Before I begin, I should probably start by saying that I am a huge fan of “being nice.” And most of the time I am. Or at least I try to be. And I should probably add that “being nice” is something we endeavor to encourage in our children.
But this week, one of our children (who shall remain nameless) did something (which shall also remain unnamed) that wasn’t so nice.
It wasn’t cruel; it wasn’t unkind. The behavior didn’t hurt anyone or anything. It didn’t cause damage–literal or figurative.
It just wasn’t nice.
He had an opinion about something, he expressed it, and, well, in doing so, he didn’t come off as particularly nice.
We had the requisite conversations–discussed how he was entitled to his opinion, just as everyone is, but that he needed to express his thoughts in a way that was at least cordial, that he needed to disagree respectfully.
It was at that moment that I realized just two weeks before we were having a very different conversation–one about Rosa Parks, and how she stood up for what was right but in doing so broke the law (as egregious and horrible as the law was) and came off to many people as “not particularly nice.” And we concluded that at times you have to speak up, to think for yourself, to express yourself–even if that means confronting the status quo, even it that means you will come across as less than nice. We, like the rest of the world, termed Rosa Parks a “hero.”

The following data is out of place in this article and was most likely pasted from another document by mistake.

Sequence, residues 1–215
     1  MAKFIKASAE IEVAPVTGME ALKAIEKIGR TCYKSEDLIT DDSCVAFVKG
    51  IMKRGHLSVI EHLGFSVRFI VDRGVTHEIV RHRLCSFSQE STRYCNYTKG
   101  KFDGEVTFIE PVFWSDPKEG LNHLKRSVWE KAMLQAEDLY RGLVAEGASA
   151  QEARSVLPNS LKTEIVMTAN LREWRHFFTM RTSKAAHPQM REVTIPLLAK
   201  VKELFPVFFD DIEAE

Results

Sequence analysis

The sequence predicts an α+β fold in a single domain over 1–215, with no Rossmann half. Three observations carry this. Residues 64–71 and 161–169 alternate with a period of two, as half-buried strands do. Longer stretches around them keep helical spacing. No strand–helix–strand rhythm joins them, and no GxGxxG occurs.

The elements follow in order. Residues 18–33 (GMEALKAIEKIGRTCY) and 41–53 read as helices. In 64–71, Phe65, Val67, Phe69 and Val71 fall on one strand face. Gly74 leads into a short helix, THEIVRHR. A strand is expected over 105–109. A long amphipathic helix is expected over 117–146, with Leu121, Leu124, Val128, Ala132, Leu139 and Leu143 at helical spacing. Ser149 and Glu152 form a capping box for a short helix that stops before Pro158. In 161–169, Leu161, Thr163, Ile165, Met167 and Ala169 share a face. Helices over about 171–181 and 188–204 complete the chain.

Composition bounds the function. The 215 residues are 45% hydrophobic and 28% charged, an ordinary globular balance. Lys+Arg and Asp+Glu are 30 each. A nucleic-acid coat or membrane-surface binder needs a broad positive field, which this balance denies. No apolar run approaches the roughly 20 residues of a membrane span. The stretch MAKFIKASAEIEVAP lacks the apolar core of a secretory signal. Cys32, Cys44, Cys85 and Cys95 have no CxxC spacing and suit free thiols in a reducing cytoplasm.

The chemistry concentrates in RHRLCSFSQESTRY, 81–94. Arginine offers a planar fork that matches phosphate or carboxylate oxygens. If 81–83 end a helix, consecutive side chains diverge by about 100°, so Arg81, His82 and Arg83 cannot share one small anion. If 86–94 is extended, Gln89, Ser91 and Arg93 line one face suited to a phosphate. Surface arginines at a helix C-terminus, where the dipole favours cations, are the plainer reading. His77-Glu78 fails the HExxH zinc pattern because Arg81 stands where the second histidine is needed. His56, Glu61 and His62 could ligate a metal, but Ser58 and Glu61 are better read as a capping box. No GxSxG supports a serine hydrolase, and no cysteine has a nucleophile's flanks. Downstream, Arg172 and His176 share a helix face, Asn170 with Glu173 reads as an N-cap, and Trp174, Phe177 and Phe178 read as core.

And while certainly the issue about which my son expressed his opinion at first glance doesn’t appear to rise to the level of social injustice, to him–at his young age–it probably did.
We spend so much time–as a society–working very, very hard, tiptoeing around, in fact, so as not to offend anyone. We put “nice’ on a pedestal and ask each other to drape our thoughts and actions in euphemism.
But does this quash original, critical thought? Are we unwittingly asking ourselves–and, more importantly, our children–to put everything we, they think and feel through a filter that relegates powerful, colorful, and, yes, contradictory ideas to mere muted shadows of themselves?
As a parent, I want my children to be nice (as in kind, compassionate, empathic, and helpful) and grow into “nice” adults; but I must say, at the risk of being not-so-nice, it is my equal hope that they grow up strong and able to speak for themselves and speak up for others, even if that means disagreeing–with me, with you, with the rest of the world.
Are being nice and being a strong critical thinker mutually exclusive?
I hope not–for the sake of my children and yours–I truly hope not.